ATLANTA - A record number of Georgians have voted early for this year's primary, many because of concerns about the spread of the novel coronavirus.
Georgia Secretary of State Brad Raffensberger warned voters to expect a longer than usual wait times at the polls.
He says election workers will disinfecting voting machines between voters and spacing out people waiting in line to maintain social distancing.
If you plan to vote in person Tuesday, infectious diseases specialist Dr. Marybeth Sexton, an assistant professor at the Emory University School of Medicine, says there are three things you can do to lower your risk of contracting COVID-19.
First, Sexton says, keep your distance. Try to maintain at least 6 feet of space between you and others around you.
"Try to pick a time where it's going to be a little less crowded, so that is possible to keep that distance both in any line outside, and then certainly once you're inside the building," Sexton says.
Some polling places will be marking off where to stand to keep people from clustering together.
Waiting outside is likely safer than waiting inside because you have better airflow outdoors, Sexton says.
Once you're inside the building, wear a mask and make sure it is on correctly, she says.
“It should really cover both your mouth and your nose," Sexton says. "They’re not as useful if they're just over your mouth, and they certainly don't help if you've got them pulled down around your neck or up over your head.”
Many people with COVID-19 have no symptoms or very mild symptoms, but can still spread the virus, she says.
“If you've got that mask on and you happen to be in that category, it will keep you from putting those viral particles out into the environment,” Sexton says.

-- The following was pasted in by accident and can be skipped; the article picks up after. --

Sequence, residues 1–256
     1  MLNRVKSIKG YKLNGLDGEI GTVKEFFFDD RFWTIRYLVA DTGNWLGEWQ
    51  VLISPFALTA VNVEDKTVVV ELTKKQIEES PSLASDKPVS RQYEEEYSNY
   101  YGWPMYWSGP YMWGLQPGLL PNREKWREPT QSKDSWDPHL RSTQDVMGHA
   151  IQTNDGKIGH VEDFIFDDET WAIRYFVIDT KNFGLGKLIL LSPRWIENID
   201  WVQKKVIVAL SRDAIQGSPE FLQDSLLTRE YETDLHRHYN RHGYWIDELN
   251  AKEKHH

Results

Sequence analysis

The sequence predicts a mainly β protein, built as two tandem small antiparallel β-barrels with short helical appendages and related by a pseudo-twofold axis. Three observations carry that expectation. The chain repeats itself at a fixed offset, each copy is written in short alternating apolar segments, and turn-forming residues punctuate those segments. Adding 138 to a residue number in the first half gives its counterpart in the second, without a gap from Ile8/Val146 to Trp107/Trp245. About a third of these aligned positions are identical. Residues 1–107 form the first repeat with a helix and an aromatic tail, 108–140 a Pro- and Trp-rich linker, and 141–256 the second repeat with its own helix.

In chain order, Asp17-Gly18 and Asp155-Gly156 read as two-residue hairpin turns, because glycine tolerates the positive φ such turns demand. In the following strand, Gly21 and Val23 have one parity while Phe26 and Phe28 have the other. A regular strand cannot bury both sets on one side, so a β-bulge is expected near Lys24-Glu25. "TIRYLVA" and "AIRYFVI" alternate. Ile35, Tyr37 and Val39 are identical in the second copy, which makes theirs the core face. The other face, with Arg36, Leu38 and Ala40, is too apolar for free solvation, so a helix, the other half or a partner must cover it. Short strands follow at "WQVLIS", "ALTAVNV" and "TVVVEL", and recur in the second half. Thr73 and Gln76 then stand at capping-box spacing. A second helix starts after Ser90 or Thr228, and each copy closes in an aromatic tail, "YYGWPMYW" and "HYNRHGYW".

The virus is primarily spread through infectious respiratory droplets that are projected into the air when an infected person coughs, sneezes, talks, or even breathes.
The virus can also be left behind on surfaces like railings, doorknobs, and tabletops.
Sexton recommends carry a hand sanitizer with you and being careful about touching common surfaces while you’re waiting in line and voting.
Bring everything with you that you might need.
“If you think you're going to need a pen to fill out any form, bring one on your own so that you don't touch one that a bunch of other people have touched as well," she says. "Bring hand sanitizer with you. And if you do have to touch any common touch surfaces like the table or like a pen, and certainly the voting machines themselves, sanitize your hands immediately after, and don't touch your face."
Once you get home, wash your hands with soap and water.
As long as you and everyone around you are wearing a mask and maintaining social distancing, Sexton says, your risk of being infected with the virus while voting is very low.
If, on the other hand, you are concerned other people are not wearing a mask, or there is not enough space between voters, you may want to go and tested for COVID-19.
You can find a testing site through your local health department.
Sexton recommends waiting five or six days before you get tested because of the incubation period of the virus.